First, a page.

Category Archives: Home/Garden

I love to cook and I love to garden. I love to cook things I’ve grown in the garden. Yum…

So That’s What Was Hiding Under The Snow Drifts

Every year this strikes me as something of a miracle.

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A scientifically explained miracle, true, but that robs it of none of the thrill.

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This year has been such a hard winter, and my borders have been crushed under so much snow, that I wasn’t sure I was going to see Green for quite some time.

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But here we are, March 20, and the plants know what they have to do.

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If it had been up to me,
I’d have given up hope and thought “maybe I’ll have color next year…”

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I’m so glad I’m not in charge.

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Build Your Own Leaf Bin

[This is from the archives, but it’s the perfect time to pull out this post again]

I hate waste, so autumn drives me kind of crazy. All my neighbours sweep their leaves to the front kerb, where a big borough lorry comes along and sucks them up. Then, in the spring, everyone has a truck load of mulch delivered.

I say: stop the insanity! Use your own leaves to make your own mulch! Build a leaf bin!

leafbinsupplies It doesn’t take much. Just a roll of hardware cloth, a piece of scrap wood and a way to fasten them together (I used a cable staple gun that we had lying around.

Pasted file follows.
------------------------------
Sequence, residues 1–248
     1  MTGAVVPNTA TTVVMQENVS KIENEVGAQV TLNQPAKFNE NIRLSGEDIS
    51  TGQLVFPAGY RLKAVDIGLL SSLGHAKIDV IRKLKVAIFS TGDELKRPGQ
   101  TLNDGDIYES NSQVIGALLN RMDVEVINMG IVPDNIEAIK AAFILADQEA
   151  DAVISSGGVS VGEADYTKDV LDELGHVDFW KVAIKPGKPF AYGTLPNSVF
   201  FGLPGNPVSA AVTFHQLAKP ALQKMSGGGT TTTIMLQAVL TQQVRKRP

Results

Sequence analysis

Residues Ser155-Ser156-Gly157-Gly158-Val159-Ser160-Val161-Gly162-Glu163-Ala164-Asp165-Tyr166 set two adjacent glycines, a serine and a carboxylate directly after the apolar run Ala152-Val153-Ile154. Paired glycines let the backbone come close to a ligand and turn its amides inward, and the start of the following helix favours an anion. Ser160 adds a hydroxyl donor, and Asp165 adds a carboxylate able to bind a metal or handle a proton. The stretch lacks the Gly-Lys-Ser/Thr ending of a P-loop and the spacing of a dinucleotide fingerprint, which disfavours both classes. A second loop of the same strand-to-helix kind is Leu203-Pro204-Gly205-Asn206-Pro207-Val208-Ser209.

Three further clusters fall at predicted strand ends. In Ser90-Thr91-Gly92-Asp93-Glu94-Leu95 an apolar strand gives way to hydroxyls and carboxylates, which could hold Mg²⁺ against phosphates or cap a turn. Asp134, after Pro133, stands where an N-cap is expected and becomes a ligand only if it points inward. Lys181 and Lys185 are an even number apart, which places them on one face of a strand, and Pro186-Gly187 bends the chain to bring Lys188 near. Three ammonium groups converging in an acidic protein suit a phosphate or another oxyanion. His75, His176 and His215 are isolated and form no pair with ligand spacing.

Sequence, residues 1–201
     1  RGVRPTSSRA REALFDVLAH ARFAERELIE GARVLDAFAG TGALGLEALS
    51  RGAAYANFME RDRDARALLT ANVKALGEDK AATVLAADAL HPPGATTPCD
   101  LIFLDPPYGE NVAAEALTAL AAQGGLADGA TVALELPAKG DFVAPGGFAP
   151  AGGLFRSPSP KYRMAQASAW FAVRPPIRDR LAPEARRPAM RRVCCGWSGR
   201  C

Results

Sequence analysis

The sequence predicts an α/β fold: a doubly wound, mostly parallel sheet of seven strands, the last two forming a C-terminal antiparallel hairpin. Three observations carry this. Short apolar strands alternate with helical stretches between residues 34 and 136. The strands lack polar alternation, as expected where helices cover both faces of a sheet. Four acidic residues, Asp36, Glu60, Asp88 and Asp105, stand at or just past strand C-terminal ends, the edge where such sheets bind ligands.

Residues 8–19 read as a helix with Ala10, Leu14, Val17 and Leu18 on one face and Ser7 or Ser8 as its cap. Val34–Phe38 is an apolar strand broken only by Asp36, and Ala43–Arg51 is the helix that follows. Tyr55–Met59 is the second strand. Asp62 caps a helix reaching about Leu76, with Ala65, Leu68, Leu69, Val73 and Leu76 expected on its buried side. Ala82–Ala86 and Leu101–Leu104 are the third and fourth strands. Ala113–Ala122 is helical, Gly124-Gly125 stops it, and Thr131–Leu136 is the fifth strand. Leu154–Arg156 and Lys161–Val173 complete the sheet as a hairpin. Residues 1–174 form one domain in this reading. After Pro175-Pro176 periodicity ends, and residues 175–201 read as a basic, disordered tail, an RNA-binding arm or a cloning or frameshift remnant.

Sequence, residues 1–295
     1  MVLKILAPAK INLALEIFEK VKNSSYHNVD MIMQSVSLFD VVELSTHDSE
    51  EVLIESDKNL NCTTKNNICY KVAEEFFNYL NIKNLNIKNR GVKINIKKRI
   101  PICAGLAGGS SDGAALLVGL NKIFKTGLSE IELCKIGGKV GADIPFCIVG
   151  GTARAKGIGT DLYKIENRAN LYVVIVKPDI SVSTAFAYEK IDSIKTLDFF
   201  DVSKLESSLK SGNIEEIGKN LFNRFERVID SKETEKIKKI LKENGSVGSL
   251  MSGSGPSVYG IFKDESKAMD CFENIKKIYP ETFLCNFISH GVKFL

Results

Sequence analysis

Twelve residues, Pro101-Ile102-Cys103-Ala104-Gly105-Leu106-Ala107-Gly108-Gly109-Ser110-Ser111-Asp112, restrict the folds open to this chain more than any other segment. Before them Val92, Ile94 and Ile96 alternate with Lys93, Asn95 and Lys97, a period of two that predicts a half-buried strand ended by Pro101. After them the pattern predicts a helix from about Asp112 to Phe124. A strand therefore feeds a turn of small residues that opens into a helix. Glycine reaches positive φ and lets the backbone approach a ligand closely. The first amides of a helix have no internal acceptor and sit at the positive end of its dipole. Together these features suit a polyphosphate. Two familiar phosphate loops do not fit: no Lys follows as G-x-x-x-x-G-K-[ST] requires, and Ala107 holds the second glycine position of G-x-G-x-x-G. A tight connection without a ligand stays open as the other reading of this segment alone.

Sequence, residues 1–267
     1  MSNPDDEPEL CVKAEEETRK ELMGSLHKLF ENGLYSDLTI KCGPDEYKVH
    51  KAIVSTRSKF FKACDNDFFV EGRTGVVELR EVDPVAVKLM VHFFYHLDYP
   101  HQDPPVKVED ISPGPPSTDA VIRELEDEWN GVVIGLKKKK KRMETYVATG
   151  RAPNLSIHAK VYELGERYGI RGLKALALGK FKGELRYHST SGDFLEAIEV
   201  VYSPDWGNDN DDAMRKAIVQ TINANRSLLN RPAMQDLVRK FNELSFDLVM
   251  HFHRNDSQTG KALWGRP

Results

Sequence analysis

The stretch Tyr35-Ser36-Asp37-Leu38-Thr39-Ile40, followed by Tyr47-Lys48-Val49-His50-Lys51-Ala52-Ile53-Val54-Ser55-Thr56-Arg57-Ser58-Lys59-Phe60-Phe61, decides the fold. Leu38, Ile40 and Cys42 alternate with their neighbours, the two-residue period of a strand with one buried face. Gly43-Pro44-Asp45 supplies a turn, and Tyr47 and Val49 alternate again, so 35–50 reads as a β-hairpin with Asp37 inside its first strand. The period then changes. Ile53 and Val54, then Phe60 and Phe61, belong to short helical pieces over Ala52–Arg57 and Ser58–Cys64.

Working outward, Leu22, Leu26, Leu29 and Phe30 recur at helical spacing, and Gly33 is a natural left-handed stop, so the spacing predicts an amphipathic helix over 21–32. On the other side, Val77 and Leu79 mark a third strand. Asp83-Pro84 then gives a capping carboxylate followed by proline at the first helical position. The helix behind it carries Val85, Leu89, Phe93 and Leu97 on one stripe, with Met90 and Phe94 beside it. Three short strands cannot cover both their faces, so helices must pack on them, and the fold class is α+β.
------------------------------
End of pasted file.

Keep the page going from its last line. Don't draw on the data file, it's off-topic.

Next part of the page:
I bought a 10′ roll of 3′ tall, 1/4″ mesh landscape fabric from the local big hardware store.

Step 1: Unroll the hardware cloth and lay it flat on the ground. Stomp on it a bit to get it to unroll if you need to. No need to get it totally flat, though, as you’ll want it to roll up again in a minute. Building A Leaf Bin
Building A Leaf Bin Step 2: fold one end of the mesh around the piece of wood (which should be just a bit taller than 3′, so you can bash the end of it into the ground to help support your leaf bin). Staple the mesh to the wood, all along the length.
Step 3: Fold the mesh over so the free end is touching the wood. Building A Leaf Bin
Building A Leaf Bin Step 4: Staple the end to the wood, as neatly as you can while wrangling 10′ of metal mesh.
Step 5: Stand it up. The mesh is strong enough to support itself, but the wood helps. You can then pound the wood into the ground to hold your new leaf bin in place. You can also use metal or wood stakes to define its shape a bit better and give it extra stability. Building A Leaf Bin
Building A Leaf Bin Building A Leaf Bin